Daniel Ambinder, M.D.
Dr. Daniel Ambinder is an interventional/structural cardiology fellow at the Johns Hopkins Hospital. With a passion for medical education, he co-founded CardioNerds, a platform that aims to democratize cardiovascular education, promote diversity and inclusion, provide mentorship and sponsorship, and invigorate a love for cardiovascular medicine and science. In this capacity, he designed and maintains the CardioNerds website, helped established the CardioNerds Academy, Narratives in Cardiology, Medical Journalism, and Scholarship programs. He is an assistant social media editor for Circulation.
Marios Arvanitis, M.D.
Dr. Arvanitis recently graduated from cardiology fellowship and is currently an Assistant Professor at Johns Hopkins Cardiology. His research interests focus on the use of high dimensional multi-omic data in order to discover new mechanisms for cardiovascular disease and novel targets for treatment and prevention.
During his cardiology fellowship, Dr. Arvanitis led several projects to identify and characterize novel genetic mechanisms for heart disease and to develop a novel method to identify the cell type targets of genome wide association loci for cardiovascular disease. During his training, he received support from the Cardiovascular Disease T32 training grant, the Johns Hopkins Discovery Fund, the Howard Silverman Research Award, the Michel Mirowski Endowed Fellowship, the Marie-Josée and Henry R. Kravis Endowed Fellowship, and the Johns Hopkins Young Investigators Program.
Francoise A. Marvel, M.D.
Dr. Marvel is a recent graduate of the cardiology fellowship and now an Assistant Professor at Johns Hopkins Cardiology. She is interested in understanding the role of digital biosensors, biomarkers, and software that can generate, gather, and share data in cardiovascular disease. Dr. Marvel was recognized by the American College of Cardiology (ACC) Young Investigator Award, American Heart Association Presentation Finalist, Johns Hopkins Stanley L. Blumenthal Oral Presentation Winner of Cardiovascular Research Retreat, the Johns Hopkins Medicine/Whiting School of Engineering Research Conference and received the 2021 PJ Schafer Award. Apple also featured Corrie (developed by Drs. Marvel and Martin) at Tim Cook's Keynote Address at the Worldwide Developer’s Conference for Apple Health in 2021. Additionally, Dr. Marvel was selected to participate in the American Heart Association’s Empowered to Serve program focused on accelerating the impact of Corrie in East Baltimore’s community to improve cardiovascular health.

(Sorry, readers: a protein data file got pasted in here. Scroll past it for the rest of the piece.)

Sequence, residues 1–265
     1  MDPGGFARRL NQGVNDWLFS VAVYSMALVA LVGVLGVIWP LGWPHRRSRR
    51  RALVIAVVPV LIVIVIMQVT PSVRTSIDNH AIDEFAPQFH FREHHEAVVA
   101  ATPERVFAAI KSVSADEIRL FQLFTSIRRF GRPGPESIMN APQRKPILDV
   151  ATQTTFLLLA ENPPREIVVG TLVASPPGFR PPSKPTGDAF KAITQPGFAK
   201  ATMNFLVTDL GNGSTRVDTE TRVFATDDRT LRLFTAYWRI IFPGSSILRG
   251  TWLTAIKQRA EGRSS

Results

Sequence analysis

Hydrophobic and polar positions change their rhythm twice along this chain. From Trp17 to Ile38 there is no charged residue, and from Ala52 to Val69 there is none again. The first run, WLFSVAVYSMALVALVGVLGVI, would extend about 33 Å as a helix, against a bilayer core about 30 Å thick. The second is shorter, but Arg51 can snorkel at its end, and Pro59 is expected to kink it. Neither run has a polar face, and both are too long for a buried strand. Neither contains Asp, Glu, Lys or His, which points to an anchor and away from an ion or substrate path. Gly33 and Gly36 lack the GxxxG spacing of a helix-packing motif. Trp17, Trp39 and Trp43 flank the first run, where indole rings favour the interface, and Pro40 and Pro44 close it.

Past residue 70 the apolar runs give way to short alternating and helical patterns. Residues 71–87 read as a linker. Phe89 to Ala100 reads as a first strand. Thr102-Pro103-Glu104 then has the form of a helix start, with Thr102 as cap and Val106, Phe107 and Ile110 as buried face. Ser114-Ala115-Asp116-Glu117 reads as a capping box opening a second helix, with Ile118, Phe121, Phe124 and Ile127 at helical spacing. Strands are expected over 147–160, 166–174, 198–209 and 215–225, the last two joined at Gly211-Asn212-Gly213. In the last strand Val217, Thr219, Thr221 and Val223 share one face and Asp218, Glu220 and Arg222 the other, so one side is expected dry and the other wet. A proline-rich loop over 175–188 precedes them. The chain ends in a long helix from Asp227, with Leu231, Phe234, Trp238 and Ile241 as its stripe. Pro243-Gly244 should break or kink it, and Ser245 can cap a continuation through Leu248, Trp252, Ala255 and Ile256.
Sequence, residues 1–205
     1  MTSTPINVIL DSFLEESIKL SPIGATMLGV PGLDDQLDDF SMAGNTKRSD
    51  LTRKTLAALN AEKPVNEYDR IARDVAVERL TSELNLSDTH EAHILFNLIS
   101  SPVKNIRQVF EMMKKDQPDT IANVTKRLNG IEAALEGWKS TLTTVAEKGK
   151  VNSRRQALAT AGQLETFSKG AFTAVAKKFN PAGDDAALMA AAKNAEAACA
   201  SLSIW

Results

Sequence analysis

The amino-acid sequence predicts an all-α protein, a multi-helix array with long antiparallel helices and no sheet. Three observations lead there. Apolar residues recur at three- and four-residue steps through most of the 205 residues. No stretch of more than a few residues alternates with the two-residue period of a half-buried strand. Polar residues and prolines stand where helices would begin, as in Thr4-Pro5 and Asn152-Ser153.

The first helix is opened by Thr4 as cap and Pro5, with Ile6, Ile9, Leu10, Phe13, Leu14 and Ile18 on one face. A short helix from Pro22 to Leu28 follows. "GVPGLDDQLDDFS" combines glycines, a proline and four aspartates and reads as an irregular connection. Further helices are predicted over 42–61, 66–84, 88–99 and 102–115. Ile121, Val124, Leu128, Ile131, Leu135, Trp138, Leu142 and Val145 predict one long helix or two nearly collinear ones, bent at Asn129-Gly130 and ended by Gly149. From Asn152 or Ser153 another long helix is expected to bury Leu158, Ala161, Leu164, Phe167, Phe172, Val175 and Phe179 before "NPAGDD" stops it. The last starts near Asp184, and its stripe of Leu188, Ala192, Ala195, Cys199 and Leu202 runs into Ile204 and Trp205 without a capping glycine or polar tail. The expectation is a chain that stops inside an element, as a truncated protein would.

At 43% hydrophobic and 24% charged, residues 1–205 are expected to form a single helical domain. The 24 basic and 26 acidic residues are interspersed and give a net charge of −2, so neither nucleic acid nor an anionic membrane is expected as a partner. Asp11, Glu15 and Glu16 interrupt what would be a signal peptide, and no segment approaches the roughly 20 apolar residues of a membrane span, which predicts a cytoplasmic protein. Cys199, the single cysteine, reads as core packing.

Past Silverman Award Winners
The Howard S. Silverman Award is an annual event in honor of Dr. Howard S. Silverman, a former Cardiology fellow and faculty member who died in 1996 from heart disease. The Silverman Awards is a research conference in which the 2nd year cardiovascular disease fellows present their research projects to the division. The faculty award the fellow whose project is the most original, creative and has the greatest scientific potential a monetary prize and certificate.
- 2020-2021 Richard Carrick, M.D.
- 2018-2019 Eunice Yang, M.D.
- 2017-2018 Marios Arvanitis, M.D.
- 2016-2017 Virginia Hahn, M.D.
- 2015-2016 Thorsten Leucker, M.D.
- 2014-2015 Steven Hsu, M.D.
- 2013-2014 Libin Wang, M.D., Ph.D.
- 2012-2013 Seth Martin, M.D.
- 2011-2012 Grant Chow, M.D.
- 2010-2011 Lincoln Shenje, M.D., Ph.D.
- 2009-2010 Hiroshi Ashikaga, M.D., Ph.D.
- 2008-2009 Chao-Wei Hwang, M.D., Ph.D.
- 2007-2008 Dou (Alvin) Zhang, M.D., Ph.D.
- 2006-2007Jacob Abraham, M.D.
- 2005-2006 Henry Sun, M.D.
- 2004-2005 Rich George, M.D.
Dlabal Clinical Research Award